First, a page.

When I came back from Georgia, my heart was heavy with the loneliness of my everyday life- a far cry from the hospitality and warmth of my Georgian hosts. Going back to eating alone and the solitude of my apartment in the city where I have lived for years was a shock, after being an honored guest, part of the family, to people I had only met days earlier.
Upon returning from Indonesia, I felt more at peace with my own contradictions after seeing the incredibly diverse country, and how well-educated people could have completely modern views yet conform to local customs without a second thought. I realized there is no such thing as exotic as I saw the megalithic altars where water buffaloes were sacrificed to the ancestors were just normal to the people of the island of Flores, although Indonesians from Jakarta went to observe the quaint customs of their fellow countrymen. I also realized that my life didn’t feel like enough of an adventure.
When I went to the Basque country to spend Easter alone, and ended up taking a surfing lesson on Easter morning, I realized, paradoxically, just how happy I was despite being far away from my family and culture. Savoring my Basque pastries alone was a treat. But I will say, I missed the beautiful green cliffs and beach when I came back to the city.
And yet, when I came back from my longest trip to date, 19 days alone in Central/Eastern Europe (as alone as any traveller still in civilization and able to find someone to speak their native language with on a regular basis really is), I missed my routines, I missed my coworkers, I missed my little life here.
When you travel, you look willingly into a mirror, not sure of what will be reflected back. That is the biggest thing that we gamble, because once you see something true you cannot unsee it, much as you might deny, and your life is going to change. You can say that every trip makes you a different person, but perhaps it just shows you who you really are.
A year ago, I didn’t realize I loved mountains.
I come from a famiy of “beach” people. Despite many beloved family memories at the Jersey Shore, where my family has gone every year for decades, when I go on vacation I almost always go somewhere different, and I rarely make relaxation in the sense of sitting on the beach a priority. In fact, that’s actually one of the things I don’t particularly like to do. For me, I am happiest on the move, soaking up the wonders of the world.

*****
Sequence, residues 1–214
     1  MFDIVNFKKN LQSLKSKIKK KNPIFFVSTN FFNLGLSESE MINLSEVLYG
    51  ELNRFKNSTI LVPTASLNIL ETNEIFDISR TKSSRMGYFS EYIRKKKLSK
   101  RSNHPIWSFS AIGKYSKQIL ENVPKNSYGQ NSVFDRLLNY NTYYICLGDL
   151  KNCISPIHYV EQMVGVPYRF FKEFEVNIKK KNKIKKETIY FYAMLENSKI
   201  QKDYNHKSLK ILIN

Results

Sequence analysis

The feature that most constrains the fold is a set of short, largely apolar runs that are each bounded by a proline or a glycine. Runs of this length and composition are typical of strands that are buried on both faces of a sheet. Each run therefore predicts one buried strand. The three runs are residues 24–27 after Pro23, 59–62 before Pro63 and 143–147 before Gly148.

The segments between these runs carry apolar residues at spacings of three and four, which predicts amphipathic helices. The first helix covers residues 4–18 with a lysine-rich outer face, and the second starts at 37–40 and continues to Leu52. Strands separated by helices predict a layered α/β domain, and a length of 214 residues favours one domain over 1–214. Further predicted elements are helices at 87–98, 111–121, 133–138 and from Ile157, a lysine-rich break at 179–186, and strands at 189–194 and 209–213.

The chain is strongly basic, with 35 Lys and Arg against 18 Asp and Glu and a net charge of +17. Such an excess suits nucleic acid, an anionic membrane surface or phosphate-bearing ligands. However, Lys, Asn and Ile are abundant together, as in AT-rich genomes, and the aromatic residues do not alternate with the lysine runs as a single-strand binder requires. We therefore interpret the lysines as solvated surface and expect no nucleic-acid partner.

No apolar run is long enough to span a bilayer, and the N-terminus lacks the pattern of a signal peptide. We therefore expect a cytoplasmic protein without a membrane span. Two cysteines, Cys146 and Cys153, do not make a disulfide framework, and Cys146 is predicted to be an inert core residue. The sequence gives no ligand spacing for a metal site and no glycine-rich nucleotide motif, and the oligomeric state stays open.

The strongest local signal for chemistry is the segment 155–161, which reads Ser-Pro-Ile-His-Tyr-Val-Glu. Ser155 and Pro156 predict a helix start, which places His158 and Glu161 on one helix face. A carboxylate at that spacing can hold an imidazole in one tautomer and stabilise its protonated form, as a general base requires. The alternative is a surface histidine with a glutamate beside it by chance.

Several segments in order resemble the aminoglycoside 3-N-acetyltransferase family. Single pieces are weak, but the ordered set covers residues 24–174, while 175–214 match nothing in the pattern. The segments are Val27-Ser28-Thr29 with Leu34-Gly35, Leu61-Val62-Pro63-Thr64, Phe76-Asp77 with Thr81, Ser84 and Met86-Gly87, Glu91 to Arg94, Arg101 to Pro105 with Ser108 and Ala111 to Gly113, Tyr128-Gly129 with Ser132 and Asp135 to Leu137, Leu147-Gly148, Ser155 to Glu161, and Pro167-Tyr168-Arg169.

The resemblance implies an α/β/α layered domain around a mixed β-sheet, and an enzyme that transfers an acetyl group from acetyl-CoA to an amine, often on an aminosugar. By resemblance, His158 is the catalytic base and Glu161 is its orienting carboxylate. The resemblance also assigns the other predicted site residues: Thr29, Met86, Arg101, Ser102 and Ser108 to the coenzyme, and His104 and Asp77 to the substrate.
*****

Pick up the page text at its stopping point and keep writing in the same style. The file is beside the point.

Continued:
And that’s how I knew I loved my family, but I am different.
It’s taken me a whole lot to realize that’s completely ok.
Travel has forced me to confront time in a visceral way. I have had to decide what’s most important to me to see, while I am young and relatively unattached. If I will spend time at home, or if I will venture even further into the great world despite already living abroad.
Nearly always, I’ve chosen to go farther, because when you travel far enough, you meet yourself. And my family deserves for me to be as whole as I can be, as do I.
If you can’t already tell, travel is not a way to get away from home- you bring it with you, but you see it with new eyes. That’s the hardest part.
Because when you travel, you find the space to be the person you most truly wanted to be, and that person doesn’t see things the same way.
A stranger looks out at you from the mirror, a person you feel you’ve known forever but have never met before.
The woman that sees herself as human before American, before Catholic, before Jersey Girl, cannot help but differ in her view relative to even those she has shared the most with, her family.
There comes a moment when the sacrifice at the megalithic altar seems not so different from high Christmas mass, when your Muslim boyfriend is more of a feminist than half your family who voted for Trump, when holiness takes on a far different, and more personal meeting.
The girl who got a tattoo all alone in Japan just before entering the corporate world is not the same one whose self worth depended on getting into the right college.
The aspiring surfer was buried for years in a compulsive dieter who weighed herself three times a day.
Travel is scary, because you can answer the answer, “Who were you before the world told you who to be?”
And your life will never be the same. There’s no going home. You can get to the place on the map, but you can never take the miles of pilgrimage back or lose the courage that sustained you through countless adventures alone in foreign lands.
Truth, not travel, is the dangerous thing.
If you have to travel to find yourself, it’s probably because home wasn’t a safe place for the real you.